Lyme Disease: A Growing Epidemic

by Tom Ellis


ALBANY, NY: Holly Ahern, an Associate Professor of Microbiology at SUNY Adirondack in Queensbury, was the guest speaker at the August 29 SPB dinner. She discussed Lyme Disease: A Growing Epidemic.

Ms. Ahern began saying the US Center for Disease Control (CDC) and the NYS Health Department (DOH) have a definition of Lyme disease – you see a tick and get a rash – that differs from the “other’ more common form of the disease. With the “other” Lyme Disease, there is no visible tick or rash, the victim begins getting aches and pains, physicians and specialists run numerous tests costing up to $10,000, no definitive diagnosis is made, they conclude the illness must be psychological, medications are prescribed, and the symptoms worsen.

She said ticks can grab onto hosts if they brush by them but do not jump. They are called insects but are more closely related to spiders with eight legs. Larvae ticks hatch from eggs and quickly latch onto small mammals in their vicinity, typically mice or chipmunks. The larval ticks pick up bacteria and viruses from their first blood meal. After eating, larvae drop off the rodents, then grow into the next stage, called nymphs. Nymphs typically feed in the summer months, on whatever warm blooded animal they can find. Once they feed, the molt into adult ticks. Adult ticks have therefore fed on at least two prior hosts. The adult ticks feed on new hosts, which may include horses, deer, humans, as well as companion animals.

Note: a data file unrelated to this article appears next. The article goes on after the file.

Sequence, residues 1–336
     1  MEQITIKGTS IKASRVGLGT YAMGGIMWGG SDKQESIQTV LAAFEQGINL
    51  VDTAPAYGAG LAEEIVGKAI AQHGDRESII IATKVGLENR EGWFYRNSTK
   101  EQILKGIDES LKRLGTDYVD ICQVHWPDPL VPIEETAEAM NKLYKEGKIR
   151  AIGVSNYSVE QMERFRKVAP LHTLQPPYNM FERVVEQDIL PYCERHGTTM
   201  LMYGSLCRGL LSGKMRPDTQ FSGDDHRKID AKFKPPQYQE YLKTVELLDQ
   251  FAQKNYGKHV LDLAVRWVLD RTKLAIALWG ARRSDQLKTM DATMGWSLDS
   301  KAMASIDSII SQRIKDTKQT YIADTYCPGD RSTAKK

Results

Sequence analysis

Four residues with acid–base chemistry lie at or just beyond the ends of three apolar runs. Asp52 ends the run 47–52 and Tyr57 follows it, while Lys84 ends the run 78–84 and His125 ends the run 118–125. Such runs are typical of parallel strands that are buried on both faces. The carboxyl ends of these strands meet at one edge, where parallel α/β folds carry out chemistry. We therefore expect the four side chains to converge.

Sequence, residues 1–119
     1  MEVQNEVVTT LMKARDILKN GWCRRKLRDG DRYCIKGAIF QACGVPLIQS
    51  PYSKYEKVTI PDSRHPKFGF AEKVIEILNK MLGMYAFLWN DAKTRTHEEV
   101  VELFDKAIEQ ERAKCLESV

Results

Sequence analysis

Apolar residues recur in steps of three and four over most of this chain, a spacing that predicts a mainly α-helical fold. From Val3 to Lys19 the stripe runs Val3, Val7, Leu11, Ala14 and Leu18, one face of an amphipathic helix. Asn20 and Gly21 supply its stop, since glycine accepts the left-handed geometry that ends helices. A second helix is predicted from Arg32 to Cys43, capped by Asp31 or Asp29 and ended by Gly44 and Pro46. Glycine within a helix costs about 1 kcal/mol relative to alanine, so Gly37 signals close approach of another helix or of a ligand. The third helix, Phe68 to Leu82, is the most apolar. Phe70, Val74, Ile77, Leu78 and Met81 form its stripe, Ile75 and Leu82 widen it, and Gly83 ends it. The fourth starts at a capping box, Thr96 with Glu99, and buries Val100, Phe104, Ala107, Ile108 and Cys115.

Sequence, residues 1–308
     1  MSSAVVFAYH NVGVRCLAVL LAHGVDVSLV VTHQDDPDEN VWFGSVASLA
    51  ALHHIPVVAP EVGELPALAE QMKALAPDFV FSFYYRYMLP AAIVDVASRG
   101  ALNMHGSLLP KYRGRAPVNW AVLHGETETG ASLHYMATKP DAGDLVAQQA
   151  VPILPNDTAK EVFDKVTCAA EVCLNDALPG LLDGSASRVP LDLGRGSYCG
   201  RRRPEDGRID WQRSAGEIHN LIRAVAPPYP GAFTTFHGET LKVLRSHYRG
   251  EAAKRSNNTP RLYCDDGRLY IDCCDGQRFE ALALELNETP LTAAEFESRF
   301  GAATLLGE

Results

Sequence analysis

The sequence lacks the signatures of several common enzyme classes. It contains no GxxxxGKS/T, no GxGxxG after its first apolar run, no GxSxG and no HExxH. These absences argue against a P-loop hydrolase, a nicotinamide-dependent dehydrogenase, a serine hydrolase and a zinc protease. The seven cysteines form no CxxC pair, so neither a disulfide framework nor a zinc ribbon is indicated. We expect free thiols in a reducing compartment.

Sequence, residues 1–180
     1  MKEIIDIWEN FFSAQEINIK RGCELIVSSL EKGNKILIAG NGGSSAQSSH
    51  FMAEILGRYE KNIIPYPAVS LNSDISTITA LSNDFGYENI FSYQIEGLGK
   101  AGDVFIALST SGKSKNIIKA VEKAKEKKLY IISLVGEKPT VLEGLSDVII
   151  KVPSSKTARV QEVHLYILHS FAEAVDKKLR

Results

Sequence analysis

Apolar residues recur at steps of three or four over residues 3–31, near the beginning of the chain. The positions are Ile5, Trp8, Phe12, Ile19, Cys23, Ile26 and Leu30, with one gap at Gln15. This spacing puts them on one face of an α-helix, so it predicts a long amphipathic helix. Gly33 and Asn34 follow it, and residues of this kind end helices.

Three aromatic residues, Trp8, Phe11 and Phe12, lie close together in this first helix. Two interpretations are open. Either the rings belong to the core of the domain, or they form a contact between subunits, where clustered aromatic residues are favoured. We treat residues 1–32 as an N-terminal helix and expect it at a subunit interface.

Ticks can freeze solid in winter, thaw and thrive like they were never frozen. Ticks are very hardy, difficult to kill. Both the nymph and adult ticks can transmit bacteria (such as Borrelia, Bartonella, Ehrlichia, and Mycoplasma), viruses (including the Powassen virus and tick-borne encephalitis virus), and other parasites (Babesia) to their hosts. Tick-borne viruses may cause encephalitis like the better known West Nile Virus, but little money is being spent researching tick-borne encephalitis.

When a tick bites, it injects bacteria into the host animal. Bacteria can then enter the human body. A human may not experience any symptoms for years after a bite. An immense variety of symptoms can result including facial palsy and heart palpitations. In later stages of many of the tick-borne infections, a short course (3-4 weeks) of antibiotics may not effectively eliminate all of the bacteria, permitting chronic symptoms to develop. Chronic Lyme Disease (CLD) can occur in some people although the term CLD remains controversial. Obtaining Lyme Disease diagnosis is vital for receiving health insurance coverage for the illness.

Lyme disease may be difficult to diagnose because the two diagnostic markers for the disease, the “bulls-eye” rash and the blood test for antibodies against Borrelia are poor indicators for the disease. Ms. Ahern cited several studies that appeared in peer-reviewed scientific and medical journals; one reported that bites by an adult tick do not cause a rash, but can still cause Lyme disease. Contrary to popular thinking, a tic does not need latch on to a person for 24 hours to transmit bacteria; four hours may be sufficient.

The characteristic rash is only seen in a third of people who later are diagnosed with Lyme disease. The first tier of the “two-tier” blood tests is only 50% accurate. Ms. Ahern said her thesis is the CDC and DOH definition of Lyme disease is so flawed that there is significant under-diagnosis by physicians and under-reporting to CDC and DOH.